Search engine providers have a history of paying substantial sums of money to popular web browsers just so they can be the default search engine on them. Yahoo’s $300 million deal made it the default search engine on Mozilla’s Firefox but it was later outbid by Google. Safari, even though it’s only for Apple’s devices, is a widely used browser given the sheer number of products Apple has shipped. Google is the default search engine on that browser as well and that deal apparently costs the Mountain View company $9 billion.
Google and Apple have never publicly talked about the terms of their deal which gives the former the much sought after position of being the default search engine on Safari. It’s not uncommon for details to leak out once every few years.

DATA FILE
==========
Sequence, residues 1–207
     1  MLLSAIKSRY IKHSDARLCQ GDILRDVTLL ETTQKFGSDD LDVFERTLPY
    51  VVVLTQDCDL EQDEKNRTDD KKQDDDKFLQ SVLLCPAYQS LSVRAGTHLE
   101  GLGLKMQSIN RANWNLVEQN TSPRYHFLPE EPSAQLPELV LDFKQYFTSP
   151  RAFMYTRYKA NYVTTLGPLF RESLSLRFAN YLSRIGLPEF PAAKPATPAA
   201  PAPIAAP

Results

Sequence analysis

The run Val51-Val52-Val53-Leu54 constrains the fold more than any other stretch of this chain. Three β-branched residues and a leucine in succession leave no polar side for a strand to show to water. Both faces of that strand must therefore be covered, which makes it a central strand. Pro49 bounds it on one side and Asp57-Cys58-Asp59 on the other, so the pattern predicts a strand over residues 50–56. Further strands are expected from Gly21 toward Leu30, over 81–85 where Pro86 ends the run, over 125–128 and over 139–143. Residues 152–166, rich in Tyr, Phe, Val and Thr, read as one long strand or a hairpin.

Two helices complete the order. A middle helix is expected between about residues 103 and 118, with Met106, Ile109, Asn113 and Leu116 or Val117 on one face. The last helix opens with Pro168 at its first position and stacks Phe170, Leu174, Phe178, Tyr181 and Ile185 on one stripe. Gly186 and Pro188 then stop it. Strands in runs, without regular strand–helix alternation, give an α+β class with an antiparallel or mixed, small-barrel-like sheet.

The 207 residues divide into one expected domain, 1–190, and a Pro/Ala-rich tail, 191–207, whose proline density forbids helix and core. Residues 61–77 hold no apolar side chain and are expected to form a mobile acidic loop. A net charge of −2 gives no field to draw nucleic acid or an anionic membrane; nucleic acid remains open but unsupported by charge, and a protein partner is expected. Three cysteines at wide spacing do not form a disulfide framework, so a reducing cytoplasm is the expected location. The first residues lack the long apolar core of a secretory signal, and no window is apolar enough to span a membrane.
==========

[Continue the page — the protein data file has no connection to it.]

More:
A lawsuit between Google and Oracle back in 2014 had led to the revelation that this deal was worth around $1 billion at that time. That figure was based on ad revenue that was earned from searches on iPhones. It’s unclear whether that’s how the figure is calculated right now or if the terms of the deal have changed.
Goldman Sachs estimates that Google may be paying as much as $9 billion to Apple just to be the default search engine on Safari. They expect this number to surge to around $12 billion in 2019.
“We believe this revenue is charged ratably based on the number of searches that users on Apple’s platform originate from Siri or within the Safari browser,” explained a representative of the investment firm.